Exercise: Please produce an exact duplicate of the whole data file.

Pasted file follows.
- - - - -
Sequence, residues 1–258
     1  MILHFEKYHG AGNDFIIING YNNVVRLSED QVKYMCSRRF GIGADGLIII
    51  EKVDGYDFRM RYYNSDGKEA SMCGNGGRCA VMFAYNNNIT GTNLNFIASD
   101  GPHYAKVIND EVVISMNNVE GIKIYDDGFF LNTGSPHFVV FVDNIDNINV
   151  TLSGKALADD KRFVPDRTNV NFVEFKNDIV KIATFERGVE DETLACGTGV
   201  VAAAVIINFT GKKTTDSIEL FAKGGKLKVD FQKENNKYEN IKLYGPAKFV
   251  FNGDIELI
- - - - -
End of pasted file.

Sequence, residues 1–258
     1  MILHFEKYHG AGNDFIIING YNNVVRLSED QVKYMCSRRF GIGADGLIII
    51  EKVDGYDFRM RYYNSDGKEA SMCGNGGRCA VMFAYNNNIT GTNLNFIASD
   101  GPHYAKVIND EVVISMNNVE GIKIYDDGFF LNTGSPHFVV FVDNIDNINV
   151  TLSGKALADD KRFVPDRTNV NFVEFKNDIV KIATFERGVE DETLACGTGV
   201  VAAAVIINFT GKKTTDSIEL FAKGGKLKVD FQKENNKYEN IKLYGPAKFV
   251  FNGDIELI